Joining the 'Best' Crowd
A global certification organization has joined the field of "best workplaces" offerings, and is looking for companies that have the best HR policies and procedures for developing employees in the United States and around the world.
By Maura C. Ciccarelli
A global, Netherlands-based organization called Top Employers Institute has joined the "best workplaces" landscape to help gauge whether companies have the best HR policies and procedures for developing employees both here and abroad.
"I think what you see in companies all over is much more focus on return on capital investment. There's real focus on accountability," says Top Employers CEO David Plink. Now that many HR leaders have achieved the proverbial seat at the C-suite table, he says, "they have to compete with data. It's the global trend of 'data-fication' and accountability of HR that come together now."
That's the challenge Top Employers Institutes is designed to provide objective answers to, says Jennifer Ives, the institute's senior vice president in North America.
"When the chief HR officer is sitting with his or her CEO," Ives says, "they can then say, if we do X, we can calculate a 65-percent [reduction in] absenteeism, which results in Y to the company," she says. "The objective insights and feedback that these company decision makers are receiving results in the actual recommendations and numbers of quantitative objective data that they have been able to use in the C-suite.
"Companies in the U.S. have been saying to us that they want the objective data and insight," she says, "and they don't have a mechanism for doing so."
To date, Top Employers has certified 1,072 companies on a country level, 65 on a continental level and about 20 companies on a global level. (They focus on companies with 250 employees or more.)
In March, Top Employers announced its second year of certified U.S. companies: BSH Home Appliances, Chiesi USA, DHL Express, Dimension Data, Faurecia USA Holdings, JT International USA, Orange Business Services-USA, Saint-Gobain North America, Tata Consultancy Services, Technip USA and Valeo North America.
Additionally, companies such as Accenture, BASF, ING Group, PepsiCo, Pfizer, SAP, General Motors, Samsung, Volkswagen and Unilever hold Top Employers certifications at their non-U.S. operations.
Because Top Employers places such an emphasis on the HR-policy angle, Plink says, his organization makes a good complement to other programs such as Fortune's Great Places to Work list, Gallup's Great Workplace Award, Universum's global employer brand image program or Glassdoor.com's fee-free employee-satisfaction-based Best Places to Work lists.
To earn Top Employers certification, companies complete a research-and-evaluation process that assesses more than 600 HR best practices in nine areas: talent strategy, workforce planning, on-boarding, learning and development, performance management, leadership development, career and succession management, compensation and benefits, and culture. The program measures the same metrics over the global landscape, allowing companies to compare their performance with peer companies' benchmarks in their region and around the world.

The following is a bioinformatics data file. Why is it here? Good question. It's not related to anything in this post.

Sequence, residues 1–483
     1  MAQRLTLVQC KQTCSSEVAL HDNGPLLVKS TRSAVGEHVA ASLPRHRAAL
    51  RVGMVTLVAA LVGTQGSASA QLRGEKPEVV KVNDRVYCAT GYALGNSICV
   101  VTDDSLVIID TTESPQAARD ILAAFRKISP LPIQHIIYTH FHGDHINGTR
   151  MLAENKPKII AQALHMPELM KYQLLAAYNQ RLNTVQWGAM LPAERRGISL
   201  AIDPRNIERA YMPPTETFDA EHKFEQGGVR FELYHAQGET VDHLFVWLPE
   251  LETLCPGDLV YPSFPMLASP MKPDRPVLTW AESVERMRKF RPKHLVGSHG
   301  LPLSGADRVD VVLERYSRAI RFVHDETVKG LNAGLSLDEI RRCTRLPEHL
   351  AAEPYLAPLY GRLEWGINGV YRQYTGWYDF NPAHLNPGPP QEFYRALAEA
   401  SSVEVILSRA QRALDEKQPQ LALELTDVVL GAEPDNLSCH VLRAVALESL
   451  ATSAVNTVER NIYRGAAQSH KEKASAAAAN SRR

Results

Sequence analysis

For example, the Top Employers that offer a weight-loss program to support employees in their daily work, Plink says, have a staff turnover rate of 5.7 percent, in comparison to 6.7 percent for other top employers. "People feel they are being taking care of," he says, adding that "their value as employees is not just as a tool to get work done, but [they are] also deserving of investment in their personal health."
Top Employers Institute began certifying companies around the world in 1991, but launched its U.S. certifications in 2014. This past January, it began partnering with the Human Resources Certification Institute and set up an Americas headquarters office in HRCI's facilities in Alexandria, Va.
The growing number of "best employers" lists simply adds to the data employees have at their disposal, says Lisa Holden, employer communications manager for Glassdoor, which means they can make more-informed choices about which company to work for.
"Employers that pay attention to what current and former employees are saying about them are in a better position to understand where they are succeeding and failing -- and what to do about it," she says. "Gathering the data is the first step. Next, employers can make informed decisions about what needs improving and communicate the plan to employees."
As for the lessons to be learned from a Top Employers certification process, Plink says that, following validation and an independent external audit, a company's performance scores are rated against an international standard of excellence. Every company participating in the certification process -- regardless of whether they achieve certification -- receives comprehensive feedback.
"Whether certified in Nigeria or Siberia or Canada or Germany, you are held against the same criteria," Plink says, "because we believe that most multinational leading companies can offer the same conditions regardless of the countries in which they operate, regardless of the local rules that apply."
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